Current market commentary
Global equities recently traded near their highs for the year, much to the dismay of many pessimistic investors. Falling inflation, the averting of a banking crisis, still positive seasonality and a better-than-expected Q1 reporting season so far have buoyed global stocks - equity volatility has fallen sharply, and valuations have risen significantly. Unusual in the rising market is the underperformance of cyclical versus defensive stocks since the banking turmoil. It indicates some scepticism among equity investors. The bond market is also expecting a less rosy outlook, reflecting the inverted yield curve, higher risk premia, high credit default swaps (CDS) on US Treasuries and Fed rate cuts already priced in. Who is right? We remain cautious, as the risk-reward ratio does not look very attractive, especially after the rally. A lot of positives are already priced in, while risks such as the real estate crisis, credit crunch, US debt ceiling and US/China conflict are being neglected.
The next few weeks continue to be dominated by the Q1 reporting season. Already 84 companies (17% of the S&P 500) have reported. Of these, 79% have beaten earnings estimates so far, with a median of 6%. On the central bank side, the Bank of Japan will announce its next interest rate decisions on Friday (28 April), the Fed on Wednesday (3 May) and the ECB on Thursday (4 May). The economic situation remains intriguing. The ifo business climate survey (Apr.) will be published today. Meanwhile, for the US, new home sales (Mar.) and consumer confidence (Apr.) on Tuesday, new orders for durable goods (Mar.) on Wednesday and initial jobless claims (Apr. 22) on Thursday will provide insights into the health of the US economy. After Thursday's GDP data (Q1) for the US, these will follow on Friday for the Eurozone, Germany, France, and Italy. In the US, household purchases and expenditures (Mar.) and the Chicago Purchasing Managers' Index (Apr.) will also be released on Friday.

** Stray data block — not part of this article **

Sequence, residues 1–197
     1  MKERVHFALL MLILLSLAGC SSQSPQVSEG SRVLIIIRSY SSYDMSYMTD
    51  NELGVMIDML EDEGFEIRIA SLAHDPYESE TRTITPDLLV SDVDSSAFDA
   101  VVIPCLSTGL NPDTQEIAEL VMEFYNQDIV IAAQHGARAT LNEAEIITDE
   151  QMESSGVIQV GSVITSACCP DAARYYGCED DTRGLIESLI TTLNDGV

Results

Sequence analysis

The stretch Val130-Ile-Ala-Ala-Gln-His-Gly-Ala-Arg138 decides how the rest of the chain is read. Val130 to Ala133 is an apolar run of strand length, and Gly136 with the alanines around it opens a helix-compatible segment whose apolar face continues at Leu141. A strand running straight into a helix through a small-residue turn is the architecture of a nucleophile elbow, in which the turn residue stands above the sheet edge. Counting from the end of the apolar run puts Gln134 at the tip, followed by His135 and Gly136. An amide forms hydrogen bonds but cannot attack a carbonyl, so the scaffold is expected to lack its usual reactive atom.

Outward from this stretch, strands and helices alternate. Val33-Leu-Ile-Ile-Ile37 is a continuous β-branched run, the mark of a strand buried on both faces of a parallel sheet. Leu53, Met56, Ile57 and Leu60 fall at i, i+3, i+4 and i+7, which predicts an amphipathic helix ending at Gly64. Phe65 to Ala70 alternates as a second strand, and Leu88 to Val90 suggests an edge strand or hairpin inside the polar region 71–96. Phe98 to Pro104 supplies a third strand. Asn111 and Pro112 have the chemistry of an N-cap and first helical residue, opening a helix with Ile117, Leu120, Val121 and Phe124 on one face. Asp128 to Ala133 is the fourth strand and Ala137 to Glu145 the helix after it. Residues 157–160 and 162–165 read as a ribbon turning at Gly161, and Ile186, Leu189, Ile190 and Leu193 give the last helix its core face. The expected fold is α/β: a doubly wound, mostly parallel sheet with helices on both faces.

Equities at this year's high, recently driven by defensive stocks
- European equities hit a new high for the year last week, just a month after the turmoil in banks.
- However, there has been a clear change of favourites since then. Defensive healthcare stocks have significantly out-performed cyclical industrial stocks, un-like in the period before. Investors are therefore less complacent than the re-covery at the index level would suggest.
- Nevertheless, the overall market per-formance is surprising given the multitude of risks. However, all good things come to an end.